The MMC60 Round Flexure Switch (opens in a new window) is an easy-to-use switch, that’s also easy to build.
This switch is ideal for people who have difficulty with fine motor control. The flexure in the design allows you to press, hit, or smash on the switch with a high degree of force. The flexure design also allows the top of the switch to be pressed from all angles if targeting is a challenge.
This switch can be connected to any standard AT interface, and can also be used with the Xbox Adaptive Controller (opens in a new window). The switch can be used on a flat surface or mounted using the 1/4″-20 UNC connection on the bottom.
Customizing the Round Flexure Switch
One of the great things about the Round Flexure Switch is the level of customization the design allows.
The Round Flexure Switch allows switch buttons to be swapped so users can customize their setup. There are button designs that are plain and flat, textured, and ones that include symbols and text.
This is a great way for users to differentiate between switch functions if there are multiple switches in close proximity, or for applications like adapting gaming. Or just to have a switch that fits your style.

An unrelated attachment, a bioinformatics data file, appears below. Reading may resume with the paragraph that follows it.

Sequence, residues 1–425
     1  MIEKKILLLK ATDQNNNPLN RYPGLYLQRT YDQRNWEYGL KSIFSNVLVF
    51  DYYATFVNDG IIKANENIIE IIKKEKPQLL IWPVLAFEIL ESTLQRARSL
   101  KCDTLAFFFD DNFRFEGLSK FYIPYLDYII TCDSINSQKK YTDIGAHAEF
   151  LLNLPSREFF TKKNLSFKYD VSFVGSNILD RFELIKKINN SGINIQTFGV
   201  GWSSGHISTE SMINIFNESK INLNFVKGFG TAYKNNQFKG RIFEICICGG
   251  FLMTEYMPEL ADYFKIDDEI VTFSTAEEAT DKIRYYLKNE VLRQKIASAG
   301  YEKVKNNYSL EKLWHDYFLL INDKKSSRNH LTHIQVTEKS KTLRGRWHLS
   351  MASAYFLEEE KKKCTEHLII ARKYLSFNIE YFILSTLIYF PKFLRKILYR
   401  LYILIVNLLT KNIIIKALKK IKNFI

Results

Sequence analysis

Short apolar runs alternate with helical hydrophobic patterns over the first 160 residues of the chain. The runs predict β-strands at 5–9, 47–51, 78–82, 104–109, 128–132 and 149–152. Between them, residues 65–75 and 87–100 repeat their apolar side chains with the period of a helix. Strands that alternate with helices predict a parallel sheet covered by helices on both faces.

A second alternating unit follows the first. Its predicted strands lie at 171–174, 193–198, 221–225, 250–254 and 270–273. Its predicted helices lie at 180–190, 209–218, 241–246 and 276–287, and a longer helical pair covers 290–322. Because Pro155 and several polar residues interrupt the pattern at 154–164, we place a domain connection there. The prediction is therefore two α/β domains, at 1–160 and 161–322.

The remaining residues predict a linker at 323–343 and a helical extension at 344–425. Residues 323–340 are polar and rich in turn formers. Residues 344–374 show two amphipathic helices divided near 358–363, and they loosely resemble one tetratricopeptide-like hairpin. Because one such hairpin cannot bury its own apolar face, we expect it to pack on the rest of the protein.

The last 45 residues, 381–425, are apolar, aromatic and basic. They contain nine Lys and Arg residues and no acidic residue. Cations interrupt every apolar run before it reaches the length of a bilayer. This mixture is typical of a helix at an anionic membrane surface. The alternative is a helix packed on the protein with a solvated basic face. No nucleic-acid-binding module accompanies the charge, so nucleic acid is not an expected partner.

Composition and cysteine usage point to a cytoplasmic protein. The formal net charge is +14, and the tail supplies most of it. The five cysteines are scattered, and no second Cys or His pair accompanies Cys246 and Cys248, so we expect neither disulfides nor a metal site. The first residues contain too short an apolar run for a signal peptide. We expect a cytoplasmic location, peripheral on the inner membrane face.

We have a tutorial (opens in a new window) that will guide you in designing custom Round Flexure Switch tops using three popular programs.
We originally added the Round Flexure Switch to our Assistive Device Library (opens in a new window) in 2019, with elements of the design, including the use of a flexure, inspired by the Volksswitch (opens in a new window) and the DIYAT Switch V5 (opens in a new window).
But just because it goes in our library, it doesn’t mean that the design’s final. We’re constantly improving our designs, and encouraging makers to create their own modifications and improvements.
A good example of this for the Round Flexure Switch, is the pins used to secure the internal switch components.
For the longest time, we suggested using 2mm dowels from the dollar store, but these weren’t always easy to source, so makers sometimes used bamboo skewers, toothpicks, and even coffee stir sticks to do the trick.
In April this year, maker Marc Hache came up with a design for single 3D printable pins that worked quite well.
After a bit of testing and tinkering, we modified the single pins into two pins connected by a strip, that could be 3D printed easily, and added it to the design files.
We’re always looking to improve our designs, and we always appreciate the community input.
This post originally appeared on the Makers Making Change (opens in a new window) website.